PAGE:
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Child Labor
A Brief History

Child Labor
  • Life and Adventures of Michael Armstrong... Volume Vol. 1 (by )
  • The Water-Babies (by )
  • Helen Fleetwood (by )
  • Child Labor and the Republic (by )
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Only in the latter half of the 20th century did the concept of a carefree childhood emerge as a right of all children rather than just the privileged few. Until then, parents and businesses viewed children as an abundant, renewable source of cheap labor. Low income and rural families especially relied upon the labor of children to contribute to put food on the table.

Laws in practically every country considered children, like women, to be chattel. With no legal status, children could be bought and sold. In ancient Rome, pederasty thrived for a short period on the trade of young boys. Although illegal in many countries, human trafficking today maintains a robust trade in young girls sold into domestic service or as sex slaves. On modern farms, children still help to take care of livestock and to plant and harvest crops. In 2013, UNICEF and the International Labor Organization estimated an estimated 168 million children aged 5 to 17 were involved in child labor.

The Victorian era and the rise of the Industrial Age witnessed the rapid and exponential increase in the exploitation of children in notoriously poor conditions and in child mortality rates. The average age at which children started work in the early 1800s was 10 years old, less in industrialized areas where small, nimble bodies were needed to crawl within machinery to clear obstructions in the mechanisms.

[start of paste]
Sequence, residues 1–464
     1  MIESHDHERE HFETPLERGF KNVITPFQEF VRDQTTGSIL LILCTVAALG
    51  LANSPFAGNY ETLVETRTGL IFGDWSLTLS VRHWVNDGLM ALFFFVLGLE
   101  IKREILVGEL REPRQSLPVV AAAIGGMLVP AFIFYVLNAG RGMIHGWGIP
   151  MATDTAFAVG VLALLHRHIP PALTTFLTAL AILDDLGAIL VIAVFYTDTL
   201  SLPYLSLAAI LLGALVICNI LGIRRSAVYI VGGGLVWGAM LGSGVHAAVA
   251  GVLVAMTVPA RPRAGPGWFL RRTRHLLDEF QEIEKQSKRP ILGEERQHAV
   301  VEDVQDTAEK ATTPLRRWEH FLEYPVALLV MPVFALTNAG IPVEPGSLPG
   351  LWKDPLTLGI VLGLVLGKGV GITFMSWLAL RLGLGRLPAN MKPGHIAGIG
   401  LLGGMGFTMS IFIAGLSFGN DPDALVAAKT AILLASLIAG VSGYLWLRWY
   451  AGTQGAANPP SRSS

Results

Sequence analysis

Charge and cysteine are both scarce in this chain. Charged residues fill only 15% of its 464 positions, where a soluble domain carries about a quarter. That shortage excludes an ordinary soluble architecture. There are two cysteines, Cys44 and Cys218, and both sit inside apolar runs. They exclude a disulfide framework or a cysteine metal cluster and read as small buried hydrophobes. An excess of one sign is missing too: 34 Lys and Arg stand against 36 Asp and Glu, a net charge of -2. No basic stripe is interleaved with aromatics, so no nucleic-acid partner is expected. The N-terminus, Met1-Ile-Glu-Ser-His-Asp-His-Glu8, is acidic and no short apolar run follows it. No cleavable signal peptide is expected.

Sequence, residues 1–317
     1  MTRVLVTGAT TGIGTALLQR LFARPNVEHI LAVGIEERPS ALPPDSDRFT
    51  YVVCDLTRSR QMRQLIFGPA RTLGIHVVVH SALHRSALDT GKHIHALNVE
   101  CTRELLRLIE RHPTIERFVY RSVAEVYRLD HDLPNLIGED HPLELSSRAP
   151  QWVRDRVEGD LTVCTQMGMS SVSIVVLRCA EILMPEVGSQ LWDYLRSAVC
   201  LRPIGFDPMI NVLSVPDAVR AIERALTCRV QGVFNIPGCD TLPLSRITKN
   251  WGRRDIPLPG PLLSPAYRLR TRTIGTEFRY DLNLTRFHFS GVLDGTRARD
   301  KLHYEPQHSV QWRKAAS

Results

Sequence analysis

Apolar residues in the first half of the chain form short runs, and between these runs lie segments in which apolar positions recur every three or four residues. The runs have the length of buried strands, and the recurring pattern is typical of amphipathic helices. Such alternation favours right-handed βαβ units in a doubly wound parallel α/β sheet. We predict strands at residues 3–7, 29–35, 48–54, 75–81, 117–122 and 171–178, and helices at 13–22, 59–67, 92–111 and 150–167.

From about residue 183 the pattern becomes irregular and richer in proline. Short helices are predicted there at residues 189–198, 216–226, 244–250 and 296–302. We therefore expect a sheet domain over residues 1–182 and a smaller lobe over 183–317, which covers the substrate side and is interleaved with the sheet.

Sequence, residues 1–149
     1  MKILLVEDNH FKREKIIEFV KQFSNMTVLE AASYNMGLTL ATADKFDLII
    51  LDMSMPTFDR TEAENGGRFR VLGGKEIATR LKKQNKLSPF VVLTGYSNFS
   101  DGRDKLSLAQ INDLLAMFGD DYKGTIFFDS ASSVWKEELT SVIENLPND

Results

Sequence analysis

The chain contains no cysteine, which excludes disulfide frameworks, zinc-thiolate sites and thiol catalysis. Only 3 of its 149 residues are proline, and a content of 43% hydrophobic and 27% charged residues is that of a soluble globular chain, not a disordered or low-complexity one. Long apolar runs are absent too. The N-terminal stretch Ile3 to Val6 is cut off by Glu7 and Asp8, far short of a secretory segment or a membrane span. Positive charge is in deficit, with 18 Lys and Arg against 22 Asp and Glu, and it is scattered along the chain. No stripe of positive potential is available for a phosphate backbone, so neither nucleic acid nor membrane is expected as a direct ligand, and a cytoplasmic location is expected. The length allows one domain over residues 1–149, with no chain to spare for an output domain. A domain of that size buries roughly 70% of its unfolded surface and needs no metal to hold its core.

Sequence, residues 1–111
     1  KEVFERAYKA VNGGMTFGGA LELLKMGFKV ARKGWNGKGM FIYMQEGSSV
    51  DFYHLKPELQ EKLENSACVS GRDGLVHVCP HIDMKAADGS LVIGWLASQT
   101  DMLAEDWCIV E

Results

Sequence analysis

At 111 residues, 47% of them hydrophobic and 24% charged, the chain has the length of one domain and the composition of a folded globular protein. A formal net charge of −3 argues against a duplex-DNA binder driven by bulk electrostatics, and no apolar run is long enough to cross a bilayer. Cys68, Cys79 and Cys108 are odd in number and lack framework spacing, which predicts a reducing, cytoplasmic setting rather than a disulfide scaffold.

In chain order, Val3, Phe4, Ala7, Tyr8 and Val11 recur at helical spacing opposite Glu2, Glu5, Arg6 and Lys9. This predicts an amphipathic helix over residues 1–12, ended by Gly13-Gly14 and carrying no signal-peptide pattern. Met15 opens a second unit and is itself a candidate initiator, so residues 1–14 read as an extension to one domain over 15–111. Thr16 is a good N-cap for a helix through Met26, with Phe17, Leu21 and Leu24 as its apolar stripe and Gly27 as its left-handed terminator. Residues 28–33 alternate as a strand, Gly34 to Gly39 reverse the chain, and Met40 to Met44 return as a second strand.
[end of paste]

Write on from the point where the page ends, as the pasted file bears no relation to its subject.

Widespread reports as to the horrible conditions and long hours suffered by employed children spurred Victorian era authors to protest, most notably Elizabeth Barrett Browning and Charles Dickens. With his family in debtor’s prison, Dickens himself was apprenticed at the age of 12 in a blacking factory. Karl Marx of communist fame also decried child labor, as evidence by his 1844 publication The Conditions of the Working Classes in England. Charles Kingsley’s fairy tale The Water Babies protested the plight of children employed as chimney sweeps. Frances Trollope’s book Life and Adventures of Michael Armstrong, the Factory Boy and Charlotte Elizabeth’s book Helen Fleetwood brought to light the cruelties of child labor to the largely oblivious middle and upper classes.

Beginning with England’s Factory Act in 1833 and the Mines Act in 1842, various social and political groups organized to restrict child labor. In 1907, the American Academy of Political and Social Science published a treatise titled Child Labor and the Republic on the topic of child labor legislation. This organization, dedicated to passing legislation to protect children, found their efforts stymied by poverty and the inability of indigent parents to make any substantive change. 
The report also noted that families who sent their children into the labor market did so because of economic necessity. The choices often came down to eat or starve.

The Academy also promoted compulsory school attendance and “the exclusion of children from certain occupations dangerous to health or morals.”

Dedicated activists debunked common and pervasive assumptions on the benefits of child labor, citing empirical evidence collected from communities that had already enacted restrictions upon child labor in addition to compulsory education. These anecdotes quoted the beneficial intervention of public and private entities that provided economic support to struggling families that would have otherwise been forced to hire out or sell their children.

Today, news headlines reveal the dark underbelly of child labor in developing countries. Bangladesh, many sub-Saharan countries in Africa, Thailand, and other countries find both adults and children exploited by the greedy consumerism of “first world” nations and the desperate needs of survival. Child labor, one realizes, never disappears, nor do the efforts to fight the exploitation of children.

By Karen M. Smith
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